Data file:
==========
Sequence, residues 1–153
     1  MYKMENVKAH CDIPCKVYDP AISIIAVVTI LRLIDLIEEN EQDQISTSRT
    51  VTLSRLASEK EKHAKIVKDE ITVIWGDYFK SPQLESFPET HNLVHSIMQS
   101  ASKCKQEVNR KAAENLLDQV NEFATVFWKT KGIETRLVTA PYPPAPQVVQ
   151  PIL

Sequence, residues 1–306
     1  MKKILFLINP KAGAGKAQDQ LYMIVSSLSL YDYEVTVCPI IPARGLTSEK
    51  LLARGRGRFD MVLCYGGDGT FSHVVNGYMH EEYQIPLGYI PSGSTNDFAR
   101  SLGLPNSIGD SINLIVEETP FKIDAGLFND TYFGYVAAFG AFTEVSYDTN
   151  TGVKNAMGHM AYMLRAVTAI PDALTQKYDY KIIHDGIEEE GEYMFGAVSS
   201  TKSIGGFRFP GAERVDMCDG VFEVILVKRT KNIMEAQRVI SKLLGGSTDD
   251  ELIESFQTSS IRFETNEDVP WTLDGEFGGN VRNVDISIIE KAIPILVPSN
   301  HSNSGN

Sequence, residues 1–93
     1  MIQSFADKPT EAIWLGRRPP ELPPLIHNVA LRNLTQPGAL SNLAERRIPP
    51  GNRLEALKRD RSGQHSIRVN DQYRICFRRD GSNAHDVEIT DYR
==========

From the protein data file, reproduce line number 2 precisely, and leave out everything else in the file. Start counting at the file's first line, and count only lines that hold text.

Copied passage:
     1  MYKMENVKAH CDIPCKVYDP AISIIAVVTI LRLIDLIEEN EQDQISTSRT